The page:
Acclaimed Filmmaker Gauri Shinde Reveals The Real Meaning Of Empowerment | Verve Magazine
India's premier luxury lifestyle women's magazine
June 26, 2017

Acclaimed Filmmaker Gauri Shinde Reveals The Real Meaning Of Empowerment

Text by Gauri Shinde

When we reveal our true selves, we come closer to bringing purpose and meaning to our lives, she opines…

We are afraid to show our weaknesses, in order to appear perfect. But, once you stop being scared of revealing yourself truly, you make real connections. It becomes kind of empowering. When you share things fearlessly there is this sense of feeling powerful internally. And that to me is real power.

These are some early influences, which, I think, perhaps subconsciously inspired me….

My mom, making various spices and packing masala packets in a small office at the back of our house — a venture that started small and then went on to become an export business. Working hard, earning her money, and all the while taking care of our home and family. And very importantly, always being free with her expressions whether she felt weak, vulnerable or happy.

My childhood domestic help, working tirelessly in many homes, all day, everyday, but with a smile on her face. Earning just enough to educate her children, even though she received none herself. She would cry as easily as she could laugh and, that for me, as I can now see it, was the beauty of it all.

The fun and fearless Maria (Julie Andrews) from The Sound of Music… Living life on her own terms in a conservative and difficult world. Outwardly strong and yet so vulnerable from the inside which is what made her so real and so relatable. Even the hard-hearted Captain couldn’t help but love and respect her at the same time.

These early memories of real women, no, powerful women, unafraid to show their vulnerability gave me my first understanding of what it means to be empowered. When I saw my mother, aunts and grandmoms, all women with guts and gumption, working, earning and looking after their families, it showed me that the power of freedom doesn’t suddenly appear one day. Nor does it happen by chance, but it is through example, experience and continual practice that it quietly and strongly grows.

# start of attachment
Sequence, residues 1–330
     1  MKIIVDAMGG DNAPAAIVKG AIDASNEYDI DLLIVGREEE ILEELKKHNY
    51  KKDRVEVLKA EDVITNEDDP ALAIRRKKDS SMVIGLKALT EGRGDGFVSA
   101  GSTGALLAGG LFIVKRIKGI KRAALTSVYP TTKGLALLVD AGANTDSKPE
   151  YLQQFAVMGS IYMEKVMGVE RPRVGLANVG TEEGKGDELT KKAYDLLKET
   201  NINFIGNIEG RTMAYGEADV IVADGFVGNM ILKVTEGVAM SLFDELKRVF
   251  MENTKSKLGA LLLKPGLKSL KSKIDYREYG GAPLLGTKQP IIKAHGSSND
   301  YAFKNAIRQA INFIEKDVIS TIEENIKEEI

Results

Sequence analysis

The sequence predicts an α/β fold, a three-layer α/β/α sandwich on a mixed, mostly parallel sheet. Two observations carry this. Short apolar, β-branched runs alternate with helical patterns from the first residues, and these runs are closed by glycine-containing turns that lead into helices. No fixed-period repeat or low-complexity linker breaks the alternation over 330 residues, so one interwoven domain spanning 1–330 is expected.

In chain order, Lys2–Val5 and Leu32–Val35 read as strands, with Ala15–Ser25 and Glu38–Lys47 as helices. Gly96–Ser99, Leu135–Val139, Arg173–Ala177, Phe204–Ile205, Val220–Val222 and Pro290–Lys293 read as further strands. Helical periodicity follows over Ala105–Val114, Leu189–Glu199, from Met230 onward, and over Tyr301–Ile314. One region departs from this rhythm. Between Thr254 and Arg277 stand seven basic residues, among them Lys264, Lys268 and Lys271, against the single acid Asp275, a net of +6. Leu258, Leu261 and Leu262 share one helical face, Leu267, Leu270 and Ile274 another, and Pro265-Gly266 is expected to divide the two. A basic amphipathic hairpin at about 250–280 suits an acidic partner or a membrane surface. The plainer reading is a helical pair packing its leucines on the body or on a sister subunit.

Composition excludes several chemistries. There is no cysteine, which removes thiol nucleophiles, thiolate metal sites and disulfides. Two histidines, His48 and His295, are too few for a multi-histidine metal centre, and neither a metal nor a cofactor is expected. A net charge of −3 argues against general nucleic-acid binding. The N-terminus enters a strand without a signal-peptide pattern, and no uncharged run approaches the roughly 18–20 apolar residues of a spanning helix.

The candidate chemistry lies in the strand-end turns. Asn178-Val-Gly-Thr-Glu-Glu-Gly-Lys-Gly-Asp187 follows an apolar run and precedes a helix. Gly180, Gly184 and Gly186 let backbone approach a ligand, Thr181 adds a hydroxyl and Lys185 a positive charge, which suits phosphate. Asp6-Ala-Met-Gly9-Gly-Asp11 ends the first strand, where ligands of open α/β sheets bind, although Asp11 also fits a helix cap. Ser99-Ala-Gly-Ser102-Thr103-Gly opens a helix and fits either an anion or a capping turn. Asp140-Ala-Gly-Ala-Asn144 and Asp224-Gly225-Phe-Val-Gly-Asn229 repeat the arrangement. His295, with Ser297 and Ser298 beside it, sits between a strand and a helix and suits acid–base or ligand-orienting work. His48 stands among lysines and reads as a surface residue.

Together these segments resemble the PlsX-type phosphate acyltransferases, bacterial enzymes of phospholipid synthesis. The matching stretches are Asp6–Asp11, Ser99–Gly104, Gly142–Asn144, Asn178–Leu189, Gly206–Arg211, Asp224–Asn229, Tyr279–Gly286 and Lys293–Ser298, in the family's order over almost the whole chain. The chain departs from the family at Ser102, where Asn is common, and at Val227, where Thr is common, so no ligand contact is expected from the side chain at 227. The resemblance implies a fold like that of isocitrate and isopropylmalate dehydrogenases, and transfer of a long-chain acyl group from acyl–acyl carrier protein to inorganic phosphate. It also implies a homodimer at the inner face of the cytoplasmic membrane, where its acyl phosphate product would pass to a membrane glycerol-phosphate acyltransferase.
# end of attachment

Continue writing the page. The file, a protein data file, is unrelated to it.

In tangible terms, my sense of power came to me when I started working and earning a salary. Financial independence is a big deal, a very big deal — especially for women. We are not taught, clearly, that this is a key ingredient to living freely and with dignity. If I did not earn my living at an early age or did not have savings, I would not feel the confidence I did, while negotiating my personal life and career in a male-dominated world. And the acceptance by me of my vulnerabilities and treating them as my strengths empowered me to write the stories I do, in my films…or else they wouldn’t ring so true.

It is important and should have always been important to portray women on screen in a light that doesn’t defile them nor put them on a pedestal either, thus constantly stereotyping them either as ‘lesser objects’ or ‘goddesses’. Instead, why can’t a woman be treated as a companion, as a partner, as an equal? More importantly, as a human being with the good, the bad and the ugly, like any other guy!

But no, from the very beginning, little girls are taught to feel weaker or lesser than boys, both overtly and subtly, and are indoctrinated into being ‘accommodating’, not just in India, but the world over. In turn men and society at large begin to expect this docility from women and, sadly, this behavioural conditioning continues into adulthood, for both sexes. So, when a male director is demanding or loud he’s called eccentric or passionate but an assertive woman without even being loud, in the same or any authoritative role, is more often than not called difficult or even crazy!

To change this skewed power balance and to give women their natural due, the change in perception has to start at birth — to our very reaction to the birth of a girl. We have to change the fairy tales and the gender-specific toys and the traditions that chip away at the inherent power of the girl child. Most fairy tales end with her being rescued by a prince; we need to change the story! Why can’t the girl rescue the boy sometimes? Why can’t our happily-ever-after be about an equal world for both sexes?

Power to me means the freedom to make choices. It equips me to make better decisions, for myself and those around me, gives me the ability to take control of my life. And, most importantly, it puts me in the assuring position of being able to say ‘No’ to the things I don’t need or want. To be who I am, with my accomplishments and my flaws, my vulnerabilites, my fears and my fearlessness…. that, to me, is true empowerment.

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